Sunday, October 26, 2014
   
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Dawson County challenged to attract industry

Consultant calls Monsanto county’s best marketing tool.

Opportunities to grow Dawson County are out there so residents shouldn’t be complacent.

“You better not sit and wait for them,” John Rhodes told about 40 people at Cozad’s Chipper Hall. “You’d better go out and get them.”

 

Rhodes is a site selection and economic development consultant for MS&B which developed an economic development assessment of the county. He presented his findings Sept. 29.

 

Dawson Area Development commissioned the study after learning the Tenneco manufacturing plant in Cozad planned to close its doors.

Rhodes described the Monsanto Water Utilization Learning Center south of Gothenburg as perhaps the best marketing tool in the county because it brings in people from around the world who are interested and involved in agriculture.

The uses of agricultural-related products are in the process of taking some very new directions that apply toward energy—materials, nutraceuticals as well as medicinal and other derivatives.

Nutraceuticals are described as food containing health-giving additives and have medicinal benefit.

Rhodes pointed out that corn is now used in polymers and industrial solvents while soy can be changed into adhesives and foam.

Beef derivatives come from a variety of beef organs and fluids for medical applications while alfalfa is used in nutrition supplements and lutein which is utilized to inhibit a form of blindness.

“The days of agriculture are going to change dramatically,” Rhodes said.

Challenges the county faces when recruiting new companies or industries, he said, include:

Its size of 25,000 residents with a flat growth rate.

Four-year higher education attainment levels are low which is reflective of agricultural/industrial communities.

Lack of a significant community college presence indicates potential lack of trained talent which is why county leaders need to emphasize strong on-site training capabilities.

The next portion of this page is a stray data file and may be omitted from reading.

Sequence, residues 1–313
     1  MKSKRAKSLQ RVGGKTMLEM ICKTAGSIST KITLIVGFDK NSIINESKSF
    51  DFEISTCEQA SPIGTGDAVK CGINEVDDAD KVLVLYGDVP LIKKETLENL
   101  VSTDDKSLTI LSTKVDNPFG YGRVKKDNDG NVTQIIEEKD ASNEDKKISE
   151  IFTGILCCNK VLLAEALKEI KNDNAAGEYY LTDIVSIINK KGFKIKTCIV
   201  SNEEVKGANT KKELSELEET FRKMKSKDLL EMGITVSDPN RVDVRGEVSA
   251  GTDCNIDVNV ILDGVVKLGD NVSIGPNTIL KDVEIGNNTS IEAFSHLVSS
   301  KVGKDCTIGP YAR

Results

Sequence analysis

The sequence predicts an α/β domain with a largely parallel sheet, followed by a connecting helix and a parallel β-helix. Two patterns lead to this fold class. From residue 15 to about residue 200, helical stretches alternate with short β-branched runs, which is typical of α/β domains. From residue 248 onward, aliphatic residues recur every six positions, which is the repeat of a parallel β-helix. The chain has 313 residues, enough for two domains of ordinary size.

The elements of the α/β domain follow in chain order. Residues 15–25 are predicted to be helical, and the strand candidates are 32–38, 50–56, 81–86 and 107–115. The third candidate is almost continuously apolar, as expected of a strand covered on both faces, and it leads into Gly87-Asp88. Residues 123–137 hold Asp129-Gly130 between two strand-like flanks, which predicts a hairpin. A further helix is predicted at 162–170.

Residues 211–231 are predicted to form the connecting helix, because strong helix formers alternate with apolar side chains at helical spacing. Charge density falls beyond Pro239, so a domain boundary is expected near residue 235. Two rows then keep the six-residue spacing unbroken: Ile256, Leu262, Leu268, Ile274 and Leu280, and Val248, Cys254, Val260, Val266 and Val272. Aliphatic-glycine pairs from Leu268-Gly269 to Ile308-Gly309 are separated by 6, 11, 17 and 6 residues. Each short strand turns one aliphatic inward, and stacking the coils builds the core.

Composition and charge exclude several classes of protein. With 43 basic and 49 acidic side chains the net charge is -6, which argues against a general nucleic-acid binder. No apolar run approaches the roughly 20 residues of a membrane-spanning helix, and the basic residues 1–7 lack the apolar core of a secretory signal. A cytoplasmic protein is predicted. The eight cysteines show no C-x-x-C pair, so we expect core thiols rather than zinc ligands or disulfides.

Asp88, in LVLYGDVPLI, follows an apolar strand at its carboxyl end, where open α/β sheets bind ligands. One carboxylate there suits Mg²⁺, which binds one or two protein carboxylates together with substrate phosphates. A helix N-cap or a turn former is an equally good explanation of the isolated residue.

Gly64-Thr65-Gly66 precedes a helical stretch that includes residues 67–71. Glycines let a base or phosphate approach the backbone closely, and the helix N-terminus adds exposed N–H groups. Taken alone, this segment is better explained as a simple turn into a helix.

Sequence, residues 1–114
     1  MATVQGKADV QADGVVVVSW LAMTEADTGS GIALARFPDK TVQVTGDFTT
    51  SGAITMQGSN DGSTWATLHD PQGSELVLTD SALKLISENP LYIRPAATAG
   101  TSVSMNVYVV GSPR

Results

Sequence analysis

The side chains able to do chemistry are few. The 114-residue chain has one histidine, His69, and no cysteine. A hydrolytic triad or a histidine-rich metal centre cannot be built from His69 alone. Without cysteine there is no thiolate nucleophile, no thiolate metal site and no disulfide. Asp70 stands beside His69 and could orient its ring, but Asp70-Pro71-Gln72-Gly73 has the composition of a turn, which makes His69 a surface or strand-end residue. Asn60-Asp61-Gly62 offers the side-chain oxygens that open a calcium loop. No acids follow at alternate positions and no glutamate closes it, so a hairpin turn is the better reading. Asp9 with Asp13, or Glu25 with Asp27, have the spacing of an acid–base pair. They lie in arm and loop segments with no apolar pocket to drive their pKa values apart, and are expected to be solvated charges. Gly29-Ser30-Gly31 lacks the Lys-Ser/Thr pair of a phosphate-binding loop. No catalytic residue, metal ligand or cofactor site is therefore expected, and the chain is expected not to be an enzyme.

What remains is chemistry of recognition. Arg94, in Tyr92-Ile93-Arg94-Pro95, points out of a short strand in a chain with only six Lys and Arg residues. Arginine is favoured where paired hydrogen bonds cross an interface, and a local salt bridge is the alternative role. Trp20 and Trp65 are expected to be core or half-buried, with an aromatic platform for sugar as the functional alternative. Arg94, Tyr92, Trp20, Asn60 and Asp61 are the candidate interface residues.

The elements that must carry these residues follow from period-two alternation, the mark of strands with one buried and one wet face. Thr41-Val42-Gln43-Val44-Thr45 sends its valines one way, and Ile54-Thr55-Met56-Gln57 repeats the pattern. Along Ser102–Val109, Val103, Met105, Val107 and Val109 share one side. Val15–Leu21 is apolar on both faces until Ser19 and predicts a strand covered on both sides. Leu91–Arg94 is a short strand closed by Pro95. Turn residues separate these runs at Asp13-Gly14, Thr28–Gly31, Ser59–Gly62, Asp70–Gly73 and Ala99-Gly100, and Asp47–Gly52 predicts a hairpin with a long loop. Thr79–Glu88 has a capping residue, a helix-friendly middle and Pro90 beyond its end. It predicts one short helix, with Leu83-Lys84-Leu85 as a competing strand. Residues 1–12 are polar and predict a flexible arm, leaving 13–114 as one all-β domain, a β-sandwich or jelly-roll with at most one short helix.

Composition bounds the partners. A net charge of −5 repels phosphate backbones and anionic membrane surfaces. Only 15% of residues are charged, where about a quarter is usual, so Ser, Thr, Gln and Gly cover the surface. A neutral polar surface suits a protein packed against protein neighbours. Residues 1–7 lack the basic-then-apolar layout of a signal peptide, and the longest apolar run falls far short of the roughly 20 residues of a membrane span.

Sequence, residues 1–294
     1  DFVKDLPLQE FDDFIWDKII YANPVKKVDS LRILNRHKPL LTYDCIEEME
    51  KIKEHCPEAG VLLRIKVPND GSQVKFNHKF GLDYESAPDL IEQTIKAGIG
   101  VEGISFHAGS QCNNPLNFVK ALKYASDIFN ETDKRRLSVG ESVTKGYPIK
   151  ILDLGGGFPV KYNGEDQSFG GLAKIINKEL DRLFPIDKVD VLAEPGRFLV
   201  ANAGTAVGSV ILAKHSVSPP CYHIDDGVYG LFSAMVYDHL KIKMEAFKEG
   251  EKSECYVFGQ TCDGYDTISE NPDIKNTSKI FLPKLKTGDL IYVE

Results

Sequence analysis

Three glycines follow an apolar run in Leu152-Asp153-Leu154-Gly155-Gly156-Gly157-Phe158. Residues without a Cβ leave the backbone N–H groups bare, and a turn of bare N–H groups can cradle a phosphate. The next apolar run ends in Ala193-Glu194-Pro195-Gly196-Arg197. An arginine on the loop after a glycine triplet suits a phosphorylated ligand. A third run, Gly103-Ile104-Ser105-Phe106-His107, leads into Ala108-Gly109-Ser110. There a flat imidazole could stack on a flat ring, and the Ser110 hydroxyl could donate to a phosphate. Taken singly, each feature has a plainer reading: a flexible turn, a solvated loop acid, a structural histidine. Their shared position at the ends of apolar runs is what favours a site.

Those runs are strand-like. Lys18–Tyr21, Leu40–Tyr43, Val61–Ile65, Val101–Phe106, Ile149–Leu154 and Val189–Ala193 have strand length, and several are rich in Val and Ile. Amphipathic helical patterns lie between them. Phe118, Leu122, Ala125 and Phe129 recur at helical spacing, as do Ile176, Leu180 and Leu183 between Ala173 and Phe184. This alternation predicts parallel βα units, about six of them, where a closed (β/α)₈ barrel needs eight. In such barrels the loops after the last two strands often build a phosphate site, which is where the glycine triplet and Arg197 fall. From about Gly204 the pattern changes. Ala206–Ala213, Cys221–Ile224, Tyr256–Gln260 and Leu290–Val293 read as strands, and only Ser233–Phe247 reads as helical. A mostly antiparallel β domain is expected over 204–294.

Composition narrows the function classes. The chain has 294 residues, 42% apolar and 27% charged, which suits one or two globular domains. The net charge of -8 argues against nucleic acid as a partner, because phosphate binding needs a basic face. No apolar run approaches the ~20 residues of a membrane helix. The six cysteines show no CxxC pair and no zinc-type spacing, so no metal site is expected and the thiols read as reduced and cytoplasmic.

Given the county’s demographics and existing businesses, Rhodes suggested looking at recruitment of process-related manufacturing such as making derivatives from regional agricultural products.

Industry could also produce parts and equipment such as for power generation and farm and transportation (aircraft, motor vehicles).

Without any significant warehouses or distribution centers in the county, Rhodes said competing for them is an opportunity.

With access to a major telecom corridor, water for cooling and reasonable power rates, he said data centers in the area might also make a prospective site list.

Leveraging Monsanto’s research and development for water utilization could bring about derivative opportunities for different drought-tolerant grasses and ornamental trees and shrubs as well as seed crops for hybrid species.

Rhodes encouraged the county to establish a certified site programs which makes sites “shovel ready” for business and industry.

The consulting company assessed available building sites in Gothenburg, Cozad and Lexington and suggested potential uses.

An estimated 11 acres in the Gothenburg Improvement Company’s Fourth Street addition could be used for manufacturing.

A 156-acre site, east of Frito-Lay and once proposed for an ethanol plant, offers both manufacturing and warehousing opportunities, he said.

For the Tenneco building, Rhodes suggested several uses including

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